I was hoping to get the name of the wrestling magazine that published the strip mentioned above. Again, I'm clueless about any details of who wrestles for who and which magazine features which league.

    I see the name Bavani as a character. I looked up online to see if that name is an alternate spelling of Bhavani… a manifestation of Durga. The name evokes a greater sense of power to me than "Fatale". I'm a tab bit curious what inspired the use of that name. I assume it was Alan or Pauline Weiss.

    I'm in agreement with Ja, I think Erica Rodriguez has the prettier face. Attractiveness is subjective of course, but I dated a Playboy coed model a few years ago. I lost all interest in seeing her when another girl I'm madly in love with was willing to take me back again.

    I've always dated out of my league, so that makes it harder for Traci Adell to really fascinate me. She looks full figured, but otherwise average to me. I'm dating someone that is prettier in my opinion. One of the first girls I was in love with married the road manager for Guns & Roses at their peak. It's a good thing that everyone has different tastes.

  20. Anonymous

    [Digger:] Jim’s Hrrrumph moment here (regarding an erroneous credit for Al Plastino as co-creator of Parasite) reminds me how unconvinced I remain of the pervasive credit for Plastino as co-creator of the Legion of Super-Heroes (he drew the story in Adventure 247). IIRC, even DC buys into and propagates this credit, but I cannot help remembering that (a) Curt Swan drew the cover, and (b) DC covers were sometimes drawn before the story was drawn, or even written! If that happened in the case of Adventure 247, then would not Swan be the actual artistic co-creator of the Legion? And if we don’t know whether the cover or story was drawn first, shouldn’t we be saying we don’t know who the artistic co-creator was?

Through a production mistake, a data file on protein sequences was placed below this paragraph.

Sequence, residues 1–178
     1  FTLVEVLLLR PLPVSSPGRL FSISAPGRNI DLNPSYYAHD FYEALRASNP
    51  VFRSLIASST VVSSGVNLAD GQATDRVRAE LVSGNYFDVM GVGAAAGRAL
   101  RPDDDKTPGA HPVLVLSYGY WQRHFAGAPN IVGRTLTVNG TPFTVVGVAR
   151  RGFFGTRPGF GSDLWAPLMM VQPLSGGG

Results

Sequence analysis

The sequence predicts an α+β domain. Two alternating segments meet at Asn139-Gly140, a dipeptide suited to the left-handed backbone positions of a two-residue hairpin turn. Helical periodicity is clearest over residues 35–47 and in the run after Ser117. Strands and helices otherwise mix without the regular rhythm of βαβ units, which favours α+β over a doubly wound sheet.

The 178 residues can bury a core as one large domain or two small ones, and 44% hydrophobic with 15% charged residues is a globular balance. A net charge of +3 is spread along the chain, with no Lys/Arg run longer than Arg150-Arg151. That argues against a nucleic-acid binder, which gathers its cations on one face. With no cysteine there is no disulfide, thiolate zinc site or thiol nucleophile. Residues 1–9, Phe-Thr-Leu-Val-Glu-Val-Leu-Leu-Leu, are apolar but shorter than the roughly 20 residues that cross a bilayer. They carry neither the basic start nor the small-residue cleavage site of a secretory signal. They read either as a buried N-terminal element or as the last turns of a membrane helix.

21. Anonymous

    "You do know that all professional wrestling events are scripted, right?"

    [MikeAnon:] Learning that fact is what caused me to lose interest in wrestling. I didn't mind that there was an overall storyline being adhered to, but it did bother me that the winners of the matches were being decided beforehand. So long as I believed the match was at some level a contest rather than a play, it held my interest. After that, nah. Maybe if they would decide the matches beforehand by a random coin toss I would go for it again, just to see how the writers would have to spin things for the characters after each random win/loss.